Does Healthy Mean More Expensive?

It is a regular event in my life to lead people through the grocery store. That sounds silly, but have you seen how people walk through the stores these days? Eyes glazed over, a look of helplessness and confusion as they scan the shelves full of products all claiming the same things. A sense of accomplishment until the shock of the receipt kicks in. A defeat when all that time spent on shopping “healthy” and money spent on expensive promises doesn’t equate to improved energy or health.  I can say, with all honesty, it is one of my greatest honors to give people the tools to walk into a store and be successful.


We make our way up and down every aisle. I let them guide me at first as if they are the ones leading the charge. They usually have me in tow because they are looking to incorporate better eating habits. We’ll call them “healthy” eating habits. So, they guide me over to the “Healthy” section. Makes sense. They pick a pasta and they don’t know why they picked it other than that because it was in the “healthy” section and it was brown, which means it is best.  Chips, crackers, Oops! Don’t forget the brown rice! Cereal, protein bars and snacks for the kids (of course). Dairy Free, Gluten Free, Wheat Free. All the “free’s” accounted for!  Now we’ve got the frozen food section, still in the offset area of the store. Waffles, ice cream, cookies, all go into the cart. Oh, dear. They’ve just doubled their grocery bill and added very little, if any, value to their “healthy” eating goal. It’s common and nothing to blush about. It’s why I do what I do.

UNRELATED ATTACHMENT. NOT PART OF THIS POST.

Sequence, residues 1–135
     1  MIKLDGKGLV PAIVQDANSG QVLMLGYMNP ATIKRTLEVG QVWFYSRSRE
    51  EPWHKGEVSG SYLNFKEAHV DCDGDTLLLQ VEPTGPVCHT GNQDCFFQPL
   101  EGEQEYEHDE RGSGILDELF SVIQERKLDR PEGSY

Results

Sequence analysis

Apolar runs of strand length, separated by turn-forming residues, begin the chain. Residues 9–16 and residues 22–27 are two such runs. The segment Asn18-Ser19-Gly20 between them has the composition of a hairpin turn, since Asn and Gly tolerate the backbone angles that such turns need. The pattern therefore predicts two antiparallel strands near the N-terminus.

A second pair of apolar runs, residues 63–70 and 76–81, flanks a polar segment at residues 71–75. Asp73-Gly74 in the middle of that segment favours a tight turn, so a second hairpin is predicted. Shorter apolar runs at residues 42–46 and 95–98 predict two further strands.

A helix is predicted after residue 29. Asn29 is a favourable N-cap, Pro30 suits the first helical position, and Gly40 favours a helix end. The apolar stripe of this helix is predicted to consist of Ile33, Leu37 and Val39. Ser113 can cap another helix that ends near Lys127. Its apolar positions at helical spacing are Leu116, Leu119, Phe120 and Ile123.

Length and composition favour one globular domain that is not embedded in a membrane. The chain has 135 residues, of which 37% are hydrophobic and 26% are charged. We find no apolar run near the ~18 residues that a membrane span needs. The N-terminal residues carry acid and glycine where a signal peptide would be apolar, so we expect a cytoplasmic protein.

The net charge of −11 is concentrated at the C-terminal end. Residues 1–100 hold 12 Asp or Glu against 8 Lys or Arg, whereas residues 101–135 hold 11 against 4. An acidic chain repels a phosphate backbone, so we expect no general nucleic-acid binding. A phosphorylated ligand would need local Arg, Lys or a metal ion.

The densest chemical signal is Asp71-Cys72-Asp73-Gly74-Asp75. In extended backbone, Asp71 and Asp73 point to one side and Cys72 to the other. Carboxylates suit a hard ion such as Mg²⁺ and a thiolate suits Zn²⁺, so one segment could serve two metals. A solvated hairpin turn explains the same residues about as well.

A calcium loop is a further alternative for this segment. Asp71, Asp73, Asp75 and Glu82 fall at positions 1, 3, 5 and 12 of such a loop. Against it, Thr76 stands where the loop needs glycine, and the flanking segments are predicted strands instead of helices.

When I was sick and needed to eliminate much of the ingredients that are now trending, there were no products to guide me; no special sections and very little to research. I had the distinct pleasure of figuring it all out on my own. While I would never wish that experience on anyone and I think the surplus of additional options for those with allergies is a blessing, I also see in many ways how it has become a disservice. When processed food (whatever is in a package, can, or box) has a label that says it is “Free” of something that would otherwise usually be in it, expect and know that something has had to replace it. We learned this with Fat Free products and Sugar Free products. A lot of “free” is really at the expense of increased calories, unrecognizable ingredients, and product cost. A cookie is a cookie, gluten free or otherwise. Ice-cream is ice-cream, dairy free or otherwise. In my experience, for those who are trying to eat healthier, the issue is not always the allergen, it’s the processed, the chemicals and the calories. It’s the shifting from one area of the store to another while still neglecting the one area that is affordable and healthy, (for the most part, more on that later) the produce.


It is much less expensive, just as easy and quick to stock your kitchen with foods that are  naturally gluten free, dairy free and lower in calories. Hang out in the produce section. Grab some fresh fruit and veggies. Skip over to the bulk bins and scoop up raw almonds, cashews and pepitas. Need things with longer shelf life? Don’t buy those 6 expensive boxes of pre-packaged snacks and instead buy a dehydrator. Pineapple chips are insane as snacks! Don’t get me wrong. There is a place and a realistic need for products. I just encounter this struggle so often, people eating “Healthy” and still experiencing weight and health issues. People spending more money than they really need to be spending and taking way more time than necessary to get it right.

I wish there was one solution. There simply isn’t because every home is different. A good place to start, however, regardless of situation, is to change out one product at a time. It’s a slower process. This week, instead of buying chips, buy sliced raw almonds and flavor them at home with sea salt and spices you crave. Next week, instead of buying granola bars, buy apples and a few little packets of raw almond butter. Things like that. One at a time. Little by little. Trust me when I tell you, the more real food you eat, the more real your “health” becomes.


Posted on May 14, 2014 and filed under Food.